Sacred Wonderland


Thomas S. Bremer, Ph.D. has written two books, and a third book is expected soon. The first book was a dissertation converted to something more readable for academic and general audiences, and a second one is an overview of American religious history. The third book, Sacred Wonderland: The Story of Religion in Yellowstone, is a history of religion in Yellowstone National Park. Additional academic publications are listed below with links to PDF versions for some (let me know if you want a copy of something that is not posted).

Work in Progress

A book titled Sacred Wonderland: The Story of Religion in Yellowstone, under contract with the University of Nebraska Press, will examine the religious history of the world’s first national park. Additionally, an essay titled “Icons of Whiteness: Race and Religion in US National Parks” is under review for a collection of essays about religion in the American west edited by Brandi N Denison and Brett Hendrickson.

Published Books

Blessed with Tourists: The Borderlands of Religion and Tourism in San Antonio recounts the history of San Antonio, Texas, as a travel destination, with chapters on the history of the Alamo as a tourist site and on the San Antonio Missions National Historical Park. My second book, Formed from this Soil: An Introduction to the Diverse History of Religion in America tells the story of the diverse sacred traditions and practices found throughout American religious history.

Reviews of Blessed with Tourists:

Blessed With Tourists

“This book is at once a fine biography of the evolution of an interesting American city and a revealing case study of the many links between religion and tourism and how modern market forces and the production, consumption, and expression of religion influence each other in so many ways. The subject is wonderful, the research is impeccable, and Bremer writes elegantly and accessibly.”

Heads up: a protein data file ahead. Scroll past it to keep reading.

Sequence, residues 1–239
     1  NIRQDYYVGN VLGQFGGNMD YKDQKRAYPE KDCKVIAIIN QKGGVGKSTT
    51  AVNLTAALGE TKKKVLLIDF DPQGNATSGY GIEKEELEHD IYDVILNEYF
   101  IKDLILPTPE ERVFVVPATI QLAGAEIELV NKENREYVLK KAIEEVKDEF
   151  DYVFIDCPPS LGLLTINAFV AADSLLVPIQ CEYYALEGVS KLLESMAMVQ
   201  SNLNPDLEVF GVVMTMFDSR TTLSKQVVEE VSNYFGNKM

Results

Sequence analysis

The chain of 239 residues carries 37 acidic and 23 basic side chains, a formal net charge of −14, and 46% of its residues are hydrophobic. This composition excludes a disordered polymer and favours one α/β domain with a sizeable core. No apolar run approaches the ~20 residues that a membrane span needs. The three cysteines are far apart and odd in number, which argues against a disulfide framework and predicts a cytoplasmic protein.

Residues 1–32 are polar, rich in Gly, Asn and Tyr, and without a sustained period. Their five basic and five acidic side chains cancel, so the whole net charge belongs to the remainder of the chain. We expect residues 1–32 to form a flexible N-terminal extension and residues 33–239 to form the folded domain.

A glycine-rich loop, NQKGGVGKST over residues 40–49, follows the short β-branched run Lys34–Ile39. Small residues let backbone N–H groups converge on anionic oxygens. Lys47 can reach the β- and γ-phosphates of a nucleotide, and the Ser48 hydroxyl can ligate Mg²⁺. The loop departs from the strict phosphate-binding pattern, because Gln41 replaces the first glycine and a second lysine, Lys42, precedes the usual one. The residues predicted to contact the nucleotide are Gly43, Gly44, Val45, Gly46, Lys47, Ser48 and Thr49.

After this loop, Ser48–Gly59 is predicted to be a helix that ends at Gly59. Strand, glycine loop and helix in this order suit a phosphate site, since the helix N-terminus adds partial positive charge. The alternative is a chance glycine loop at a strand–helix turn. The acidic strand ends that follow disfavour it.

–Edward T. Linenthal, University of Wisconsin Oshkosh

“Bremer does an excellent job of explaining the conflict among local residents, religious practitioners, and tourists. If you are planning a trip to San Antonio or want to know more about the Alamo City, get a copy of Blessed with Tourists.”
—Mexia Daily News

“Successful in examining a number of emerging themes in the study of religion and tourism, including the intersection between religion and capitalism, the production and consumption of religious sites by pilgrims and tourists, the process of resolution of contested interpretations of sacred sites, and secular interests in sacred sites.”
—The Professional Geographer

“The book is well written and accessible to a large audience and addresses current issues in American cultural studies, such as race and class. . . . Scholars . . . will find this book impressive and helpful for thinking about the relationship between religion and tourism.”
—Journal of American Folklore

Review of Formed from this Soil:

“Bremer’s text combines features that classroom teachers desire – including a clear chronological narrative as well as images and sidebars on fascinating historical characters and questions  – along with provocative challenges to conventional ways of thinking that students will bring to courses. The result is a text that should receive wide usage.”